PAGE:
Felix’s Machines   

Felix’s machines are born from the domestic. They come from his bedroom, in much the same way that a lot of dance music does. The music is generated by a laptop linked to an intricately built music machine, a set of keys of a glockenspiel, piano hammers, drums, animated by springs, solenoids and motors playing Thorn’s own compositions, an elaborate structure that has become his own composition. LED lights follow intermittently the rhythm of the music played. For this particular exhibition the parts of this machine are placed in the corner of the gallery, stacked on the floor and with the help of small emulsion-painted white shelves, stacked one on top of another until roughly head height. The gallery is darkened to enhance the rhythmical effects of the LEDs, which themselves give us intermittent glimpses of the more frantic mechanical activities of the keys. It is quite beautiful in a dark fairy tale kind of way. And funny too.

In an interview Thorn states that he started making these machines out of frustration that people did not appreciate his music. This could be understood as the Bergsonian comic moment, the cuckoo clock, the mechanical collapse of the human, when his own aspirations for his music – as music – and his own frustration at the lack of response, turns the music itself into the mechanical version of what music is to the listener. He implicates the viewer, or audience, who was initially this listener, and presents him/her with their own contemporary demands personified, simplified, mechanicised, exhausted and on the edge of collapse, those same demands that were previously unappreciative. The audience hears something of contemporary avant garde electronic music, picking out this and that subtle sub-division, its aspirations and ambitions, but those aspirations go nowhere, they are physically trapped, ever-circling, absurd and on display. Flickering quite beautifully in the darkness. Buzzing like trapped little fireflies, scuttling like little musical mice on a wheel in the corner of the gallery, or there on the stair right there. A Chaplin, or Laurel and Hardy, choreographed to the sound of the piano in a darkened room.

The comic is also in the effort of work involved in constructing this machine, contrasted with a daintiness akin to Oliver Hardy’s fat little fingers as they tip and tap, up and down the construction. It is the daintiness that evokes the music box – a stand-alone box that is what it is. This construction is elaborate and bird-like in its lightness. It is a balsawood-like set designed to be precarious. But the effort is present and deliberate, like the ineptitude signalled by fat little fingers twiddling in thin air before a potential collapse of a building held apart by very little at all. However, it is not a music box, whose dainty tune is reassuringly played from a solid construction. Here the very composition threatens the physical structure, as it builds to little shrill crescendos, rattles, vibrations and speedy staccatos.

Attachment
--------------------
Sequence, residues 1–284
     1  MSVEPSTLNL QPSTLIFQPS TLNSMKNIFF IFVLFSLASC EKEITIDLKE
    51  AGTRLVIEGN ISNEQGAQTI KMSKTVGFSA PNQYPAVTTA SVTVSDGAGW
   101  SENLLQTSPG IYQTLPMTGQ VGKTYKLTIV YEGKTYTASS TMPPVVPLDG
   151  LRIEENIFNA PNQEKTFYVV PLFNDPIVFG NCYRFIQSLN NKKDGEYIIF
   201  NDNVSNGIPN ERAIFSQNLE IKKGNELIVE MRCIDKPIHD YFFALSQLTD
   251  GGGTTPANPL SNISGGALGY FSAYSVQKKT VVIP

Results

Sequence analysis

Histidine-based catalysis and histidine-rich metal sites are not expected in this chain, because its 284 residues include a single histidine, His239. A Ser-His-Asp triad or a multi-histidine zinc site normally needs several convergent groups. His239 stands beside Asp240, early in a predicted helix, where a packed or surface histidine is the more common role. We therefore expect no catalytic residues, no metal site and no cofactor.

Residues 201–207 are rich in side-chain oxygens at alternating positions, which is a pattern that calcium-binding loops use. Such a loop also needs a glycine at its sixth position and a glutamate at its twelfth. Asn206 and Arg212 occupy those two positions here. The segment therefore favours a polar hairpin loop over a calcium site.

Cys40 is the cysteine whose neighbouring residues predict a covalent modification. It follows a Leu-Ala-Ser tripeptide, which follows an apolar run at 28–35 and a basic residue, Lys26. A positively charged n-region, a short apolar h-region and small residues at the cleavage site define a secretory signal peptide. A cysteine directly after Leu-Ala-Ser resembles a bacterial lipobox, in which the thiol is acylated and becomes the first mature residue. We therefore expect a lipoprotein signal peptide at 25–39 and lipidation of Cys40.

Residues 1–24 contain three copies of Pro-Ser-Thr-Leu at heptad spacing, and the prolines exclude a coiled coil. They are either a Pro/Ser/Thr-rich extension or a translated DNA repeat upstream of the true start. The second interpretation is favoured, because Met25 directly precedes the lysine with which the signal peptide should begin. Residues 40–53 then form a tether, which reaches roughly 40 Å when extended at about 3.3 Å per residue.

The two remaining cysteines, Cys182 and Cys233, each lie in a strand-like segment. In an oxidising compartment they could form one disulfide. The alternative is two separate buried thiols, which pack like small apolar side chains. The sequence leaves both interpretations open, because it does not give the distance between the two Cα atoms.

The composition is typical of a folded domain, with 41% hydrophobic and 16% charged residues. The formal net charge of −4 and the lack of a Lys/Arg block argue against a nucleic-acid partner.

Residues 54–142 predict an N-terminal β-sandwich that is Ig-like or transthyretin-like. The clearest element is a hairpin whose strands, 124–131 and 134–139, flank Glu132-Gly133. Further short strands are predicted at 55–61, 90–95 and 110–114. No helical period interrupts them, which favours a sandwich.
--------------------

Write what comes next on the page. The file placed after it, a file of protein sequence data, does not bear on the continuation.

In its precariousness it harks back to a time many, many years ago. A time when people would gather at the mother of all parties, gather at venues, drink bootleg liquor, and dance round the fire pulling their arms and legs off. A time when houses were made to be knocked over. It harks back to a time when the stock market crashed in America and sales for such machines as the player piano ceased, what with the coming of the gramophone and what-not. It was a time you could hardly get one of those machines up a long flight of stairs somewhere in LA, without it being axed to pieces by it’s ungrateful recipient in a precise dance to the sound of its own playing. A time when music boxes remained elegant like fine snuff and gentlemen flickered before their starched white shirts sprang open in their own faces.

While Gasworks Gallery is a slightly odd affair, with doors leading off to various residencies and a slight draft in the hallway where the work is shown, they have attempted, with a nod to Beaconsfield up the road, to curate the broader background of this work via a night of experimental DJ sets presented by Lumin, and a separate DJ set by Eileen Simpson and Ben White, followed by a performance of a new composition made in collaboration with Thorn. It is a tribute to Thorn that he can move seamlessly back and forth between various contexts of presentation and performance, and be of interest to all parties, but there is no doubt that the machine is doing something very particular on its own here, in the corner of this darkened space, something more akin to his bedroom and the initial impetus that led Thorn to build the work there. It is smart work that compresses and traps both his own music and contemporary expectations of sound in galleries, in an act of near silver-screen choreography. A matter of timing that displaces both category and aspiration, and even, one might say, curatorial aspiration, in subtle and sophisticated comic style.